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Is there any place where I can have a look at examples which perform pySerial operations in a multiprocessing environment in Python?

===Update to the above question ===

Code for Arduino:

//Initialize the pins

void setup()
    //Start serial communication

void loop()
    //Keep polling to see if any input is present at the serial PORT
    //If present perform the action specified.
    //In my case : TURN ON the led or TURN OFF.

Similarly code for the Python front-end:

For basic reference I used Painless Concurrency: The multiprocessing Module, (PDF, 3.0 MB).

#import the different modules like time,multiprocessing
#Define the two parallel processes:
def f1(sequence):
    #open the serial port and perform the task of controlling the led's
    #As mentioned in the answer to the above question : Turn ON or OFF as required
    #The 10 seconds ON, then the 10 seconds OFF,finally the 10 seconds ON.

def f2(sequence):
    #Perform the task of turning the LED's off every 2 seconds as mentioned.
    #To do this copy the present conditions of the led.
    #Turn off the led.
    #Turn it back to the saved condition.

def main():
    print "Starting main program"

    hilo1 = multiprocessing.Process(target=f1, args=(sequence))
    hilo2 = multiprocessing.Process(target=f2, args=(sequence))

    print "Launching threads"
    print "Done"

if ____name____ == '____main____':

There are a few issues I am facing on performing the above:

  1. Process f1 performs the task as required. That is to turn on the LED for 10 seconds, turn off the LED for 10 seconds, and finally turn on the LED for 10 seconds. By the look of it, it looks like the process f2 does not get executed (that is, there is no turning OFF of the LED every two seconds) at all though the program ends successfully. What could be happening here?

  2. If I use print to print something in the processes, it does not appear on the screen. I am curious to know as to how the people mentioning the examples were able to display the output of the prints of the processes.

share|improve this question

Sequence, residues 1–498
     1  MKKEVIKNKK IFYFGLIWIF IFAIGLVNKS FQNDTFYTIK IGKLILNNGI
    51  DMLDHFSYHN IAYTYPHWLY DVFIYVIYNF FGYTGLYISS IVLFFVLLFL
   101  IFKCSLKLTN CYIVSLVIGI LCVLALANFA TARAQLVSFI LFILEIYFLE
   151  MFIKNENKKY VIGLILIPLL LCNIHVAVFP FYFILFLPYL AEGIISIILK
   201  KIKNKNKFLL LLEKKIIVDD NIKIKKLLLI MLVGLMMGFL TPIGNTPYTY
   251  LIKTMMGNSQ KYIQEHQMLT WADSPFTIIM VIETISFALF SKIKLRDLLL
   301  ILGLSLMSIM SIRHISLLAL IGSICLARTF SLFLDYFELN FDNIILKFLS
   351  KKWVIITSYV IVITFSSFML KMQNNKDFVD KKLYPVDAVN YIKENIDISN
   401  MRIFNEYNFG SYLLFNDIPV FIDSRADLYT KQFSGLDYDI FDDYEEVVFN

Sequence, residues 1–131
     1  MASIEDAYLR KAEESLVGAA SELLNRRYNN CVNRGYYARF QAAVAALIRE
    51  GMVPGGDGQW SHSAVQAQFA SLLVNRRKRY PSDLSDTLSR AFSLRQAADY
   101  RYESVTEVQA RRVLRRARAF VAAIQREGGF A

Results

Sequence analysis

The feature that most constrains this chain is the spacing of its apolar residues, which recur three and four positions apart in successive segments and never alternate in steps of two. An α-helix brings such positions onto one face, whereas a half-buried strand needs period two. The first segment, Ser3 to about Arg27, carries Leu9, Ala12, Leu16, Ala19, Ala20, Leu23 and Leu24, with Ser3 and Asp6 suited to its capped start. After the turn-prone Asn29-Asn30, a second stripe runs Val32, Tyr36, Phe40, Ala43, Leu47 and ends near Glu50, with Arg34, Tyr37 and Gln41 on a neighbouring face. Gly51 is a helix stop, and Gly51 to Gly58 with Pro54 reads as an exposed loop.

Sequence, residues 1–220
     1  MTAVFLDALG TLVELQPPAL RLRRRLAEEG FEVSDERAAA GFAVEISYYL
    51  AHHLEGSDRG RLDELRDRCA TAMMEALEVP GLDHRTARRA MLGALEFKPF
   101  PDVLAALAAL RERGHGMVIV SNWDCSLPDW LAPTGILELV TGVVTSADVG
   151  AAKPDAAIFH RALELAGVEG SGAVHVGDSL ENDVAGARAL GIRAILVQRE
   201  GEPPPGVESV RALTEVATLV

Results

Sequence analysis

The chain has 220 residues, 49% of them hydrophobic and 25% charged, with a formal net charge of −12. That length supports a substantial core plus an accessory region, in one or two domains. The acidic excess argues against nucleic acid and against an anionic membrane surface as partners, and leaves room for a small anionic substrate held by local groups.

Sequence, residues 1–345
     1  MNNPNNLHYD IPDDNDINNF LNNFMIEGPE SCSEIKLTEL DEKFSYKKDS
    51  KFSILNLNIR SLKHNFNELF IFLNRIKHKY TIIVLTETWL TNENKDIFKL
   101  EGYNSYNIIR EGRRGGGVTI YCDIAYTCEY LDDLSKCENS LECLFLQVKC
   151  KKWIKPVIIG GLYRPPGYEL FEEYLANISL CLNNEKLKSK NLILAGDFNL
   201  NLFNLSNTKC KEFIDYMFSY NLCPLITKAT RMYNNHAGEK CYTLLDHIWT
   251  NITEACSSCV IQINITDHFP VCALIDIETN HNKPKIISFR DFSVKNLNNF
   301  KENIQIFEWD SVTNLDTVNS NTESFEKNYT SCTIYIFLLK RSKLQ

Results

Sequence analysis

pyserial has its own internal blocking calls to select. One of the main reasons I don't use it. It's hard to integrate it into larger software system. – Keith Sep 7 '11 at 5:03
@Keith : Then what package do you use to make serial connections calls? – Abhishek Sep 7 '11 at 14:43
I use my own package, and the module there. It's simpler but effective, and can be combined with the module to multiplex input in a reactor model. – Keith Sep 7 '11 at 21:44

why have you used join ? join blocks the calling thread until the process whose join() method is called terminates or until the optional timeout occurs. Thats why your f2 isn't starting because f1 is running.

try this code in main instead

procs = []
procs.append(Process(target=f1, args=(sequence))
procs.append(Process(target=f2, args=(sequence))
map(lambda x: x.start(), procs)
map(lambda x: x.join(), procs)
share|improve this answer

Well, here you have a code sample of PySerial monitoring in a GUI app (PyQt), running in a separate thread.

share|improve this answer
I was actually looking at controlling a set of LED's connected to the Arduino board. I wanted most of my processing to be done on the python end. There are 2 tasks i have to perform at the same time. a) Process1 : Control a set of led's based on a certain pattern of input.(say the pattern is :: turn on the LED for 10 seconds, then turn off for 10 seconds . then again turn on for 10 seconds ) b) Process2 : Turn off the led's at certain instances of time (say every 2 seconds). – Abhishek Sep 7 '11 at 5:13
In layman terms - This whole thing will perform the operation similar to sampling the light . Is the multiprocessing the right direction i am looking at ? Kindly suggest . – Abhishek Sep 7 '11 at 5:24
@Abhishek: well, you have an example now. Good luck with your task - and if you run into specific problems, feel free to ask additional questions – Eli Bendersky Sep 7 '11 at 5:24
@Abhishek: do note that only a single process (in the OS sense) can open a given serial port at the same time. What you specify here can be easily done within a single thread with the help of time keeping – Eli Bendersky Sep 7 '11 at 5:26
@Abhishek It sounds like you want to do event driven programming, e.g. "In 10 seconds time, toggle LED 2". This is pretty easy with Twisted – jozzas Sep 7 '11 at 6:19

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